The music almost kills me today.
It is a childhood memory. The song that would play as my father hunted and brought local wildlife back to the garage. It would play as I cried for my mother, begging her not to go to work, terrified of spending time with this hulk of a man.
Today, when that song comes on the radio again, I can smell that garage. Hear those birds.
My tears almost cause an accident on the motorway. When I pull over onto the hard shoulder I sit for twenty minutes, thinking about my mother.
By Captain 575
First love. High school sweethearts. The whole bit. Sometimes joked they shared a brain: Even bought each other the same Christmas gift—three times! One year it was tennis rackets. Ha! That was a laugh. They were still having sex then. Then it was iPads, which were cool. But! She left hers at the beach, he lost his charging cord thingy. Didn’t bother looking for it. Last year it was a book. Men are from Mars, Women are from Venus.
By Ian Fletcher
House plants are odd
for though some thrive
others will not survive
despite the attention
administered to them.
Who’d have thought
for that matter
the one we bought
to adorn our balcony
whose flowers faded
according to the season
but whose leaves then
withered without reason
to languish out there
with stems so bare
winter through spring
despite our tender care
would prove to be the latter?
So it is with our love, my dear,
which like the plant outside
howsoever it is now tended
can never be revived.
Ian Fletcher’s work has appeared in Tuck Magazine, The Ekphrastic Review, 1947 A Literary Journal, Spillwords Press, Dead Snakes, Literary Yard, Your One Phone Call, Schlock! Webzine, Short-story.me, Anotherealm, Under the Bed, A Story In 100 Words, Poems and Poetry, Friday Flash Fiction, and various anthologies.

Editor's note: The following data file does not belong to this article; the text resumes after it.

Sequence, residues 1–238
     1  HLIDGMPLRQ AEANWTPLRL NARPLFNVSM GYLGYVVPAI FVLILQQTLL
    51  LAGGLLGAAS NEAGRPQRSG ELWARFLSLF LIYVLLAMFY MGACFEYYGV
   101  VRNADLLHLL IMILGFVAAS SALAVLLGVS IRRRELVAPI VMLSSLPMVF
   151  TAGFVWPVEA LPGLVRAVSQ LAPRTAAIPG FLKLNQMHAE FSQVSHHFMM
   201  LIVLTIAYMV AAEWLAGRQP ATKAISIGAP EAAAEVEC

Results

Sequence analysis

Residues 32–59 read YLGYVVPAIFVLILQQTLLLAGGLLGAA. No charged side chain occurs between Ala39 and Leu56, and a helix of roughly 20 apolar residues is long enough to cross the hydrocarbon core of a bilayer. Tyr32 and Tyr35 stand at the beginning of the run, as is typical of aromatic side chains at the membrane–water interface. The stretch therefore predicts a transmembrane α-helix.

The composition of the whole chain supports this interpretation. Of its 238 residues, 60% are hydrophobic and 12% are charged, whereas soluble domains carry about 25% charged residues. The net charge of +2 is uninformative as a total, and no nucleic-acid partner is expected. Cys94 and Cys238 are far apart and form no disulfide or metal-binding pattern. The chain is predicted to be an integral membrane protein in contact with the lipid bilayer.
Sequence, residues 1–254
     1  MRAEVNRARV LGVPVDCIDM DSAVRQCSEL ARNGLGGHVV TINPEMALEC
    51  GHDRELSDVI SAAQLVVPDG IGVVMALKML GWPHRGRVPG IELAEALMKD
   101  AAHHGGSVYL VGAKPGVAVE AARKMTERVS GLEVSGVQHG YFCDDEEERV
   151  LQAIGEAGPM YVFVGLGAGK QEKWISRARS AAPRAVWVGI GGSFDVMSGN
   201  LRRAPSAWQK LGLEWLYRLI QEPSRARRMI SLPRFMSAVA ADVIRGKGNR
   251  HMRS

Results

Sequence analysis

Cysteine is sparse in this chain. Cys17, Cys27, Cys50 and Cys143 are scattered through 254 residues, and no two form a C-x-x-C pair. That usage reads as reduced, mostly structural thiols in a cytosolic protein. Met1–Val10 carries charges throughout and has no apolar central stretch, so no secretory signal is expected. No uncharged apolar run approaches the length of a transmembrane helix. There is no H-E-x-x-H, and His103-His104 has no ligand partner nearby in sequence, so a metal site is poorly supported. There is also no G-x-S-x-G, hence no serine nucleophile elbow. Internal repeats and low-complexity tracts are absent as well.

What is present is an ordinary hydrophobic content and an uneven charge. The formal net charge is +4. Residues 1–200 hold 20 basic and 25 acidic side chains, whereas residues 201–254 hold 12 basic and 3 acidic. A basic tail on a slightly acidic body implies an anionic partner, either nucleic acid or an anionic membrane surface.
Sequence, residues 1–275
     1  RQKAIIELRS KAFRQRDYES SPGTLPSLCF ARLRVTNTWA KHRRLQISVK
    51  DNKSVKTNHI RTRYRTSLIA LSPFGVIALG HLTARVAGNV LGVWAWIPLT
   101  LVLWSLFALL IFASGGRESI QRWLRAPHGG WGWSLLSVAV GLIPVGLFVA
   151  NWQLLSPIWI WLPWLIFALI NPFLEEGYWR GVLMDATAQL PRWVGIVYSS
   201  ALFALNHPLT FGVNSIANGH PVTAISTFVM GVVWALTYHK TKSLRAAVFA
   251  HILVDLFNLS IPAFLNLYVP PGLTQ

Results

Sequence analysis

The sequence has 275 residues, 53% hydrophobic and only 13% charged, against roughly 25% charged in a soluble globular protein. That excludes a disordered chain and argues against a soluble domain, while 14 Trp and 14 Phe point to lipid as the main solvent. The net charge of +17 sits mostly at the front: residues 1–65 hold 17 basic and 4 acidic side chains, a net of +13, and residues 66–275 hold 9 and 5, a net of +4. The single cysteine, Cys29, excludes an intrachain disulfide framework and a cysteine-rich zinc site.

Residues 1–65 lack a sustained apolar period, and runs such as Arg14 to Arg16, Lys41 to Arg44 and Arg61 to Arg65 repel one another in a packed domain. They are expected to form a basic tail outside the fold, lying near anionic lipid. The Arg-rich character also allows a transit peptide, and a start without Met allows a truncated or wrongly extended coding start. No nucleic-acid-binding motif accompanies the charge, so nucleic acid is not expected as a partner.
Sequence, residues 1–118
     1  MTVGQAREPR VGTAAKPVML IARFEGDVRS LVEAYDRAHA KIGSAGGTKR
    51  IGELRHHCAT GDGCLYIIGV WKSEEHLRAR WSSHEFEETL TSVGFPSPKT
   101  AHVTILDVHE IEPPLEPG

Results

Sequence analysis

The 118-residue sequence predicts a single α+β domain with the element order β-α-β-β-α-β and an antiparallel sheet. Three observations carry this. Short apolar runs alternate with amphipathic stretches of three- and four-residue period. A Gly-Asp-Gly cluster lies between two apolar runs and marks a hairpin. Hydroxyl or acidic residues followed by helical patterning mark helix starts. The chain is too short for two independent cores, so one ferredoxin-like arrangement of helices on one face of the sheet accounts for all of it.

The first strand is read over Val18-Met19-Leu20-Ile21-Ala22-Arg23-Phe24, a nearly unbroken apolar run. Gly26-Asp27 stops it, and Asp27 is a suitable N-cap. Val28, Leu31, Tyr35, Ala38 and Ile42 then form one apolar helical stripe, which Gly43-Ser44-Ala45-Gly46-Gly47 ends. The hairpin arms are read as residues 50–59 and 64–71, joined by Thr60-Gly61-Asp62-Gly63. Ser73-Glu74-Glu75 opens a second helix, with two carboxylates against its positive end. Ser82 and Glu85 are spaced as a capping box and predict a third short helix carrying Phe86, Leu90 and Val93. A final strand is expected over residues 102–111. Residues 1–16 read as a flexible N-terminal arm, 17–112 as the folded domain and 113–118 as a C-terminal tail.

By Christine Goodnough
“Mrs Derringer?” Officer Menzies flashed her badge when the woman opened the door. “Guess you know why I’m here.” She’d found starting this way could elicit some interesting reactions.
The old lady gasped. “How did you find out? I’ve been so careful.”
Menzies raised a questioning eyebrow.
“You don’t know what it was like living with that man. He was cruel in every way. I just couldn’t take any more.” Her eyes teared up. “I suppose one of the neighbors suspected …?”
“Mrs Derringer,” Menzies interrupted gently. “I’m here to tell you your driver’s license is expired. Time to renew.”
By Maura Yzmore
I am that woman behind whom you hate being stuck in the checkout line at the grocery store. My cart overflows, filled with produce and meat, bread and milk, snacks and drinks. You ask if we’re having a party. I smile. No, there is no party, but three boys will eat all this in a week.
You ask, and I feel joy. I am so lucky to have someone to feed, to love.
You ask, and I feel sadness. Soon—far too soon—they’ll all be off, and you’ll no longer hate being stuck behind me in the checkout line.
Maura Yzmore’s short fiction has appeared in The Fiction Pool, Microfiction Monday Magazine, 50-Word Stories, and elsewhere.
By Hadrian Hazlitt
She was sitting by the window, looking out into the starry sky. Behind her was her Mother; she was ill on her bed.
The night was cold, but she didn’t mind. She was waiting for a shooting stars — her only chance. Doctors were unable to cure her mother.
Perhaps a wish upon a star makes a difference. She waited for an hour. Then she rubbed her eyes. At last a streak of light passed through. She closed her eyes and she said her wish silently. She slept.
In the morning her mother was dead.
The flowers arrive without a message or recipient.
The husband accuses his wife of having an affair. In turn she accuses him of having the same. This soon escalates into a vicious argument, with years of unsaid truths hurled at each other in unison.
He wants a divorce. She wants a divorce.
As if prompted by this, their daughter enters the room, woken by the argument. She wanders past them both and finds a card on the floor.
These flowers are for next door, she says, before getting a glass of milk and returning back to her bed.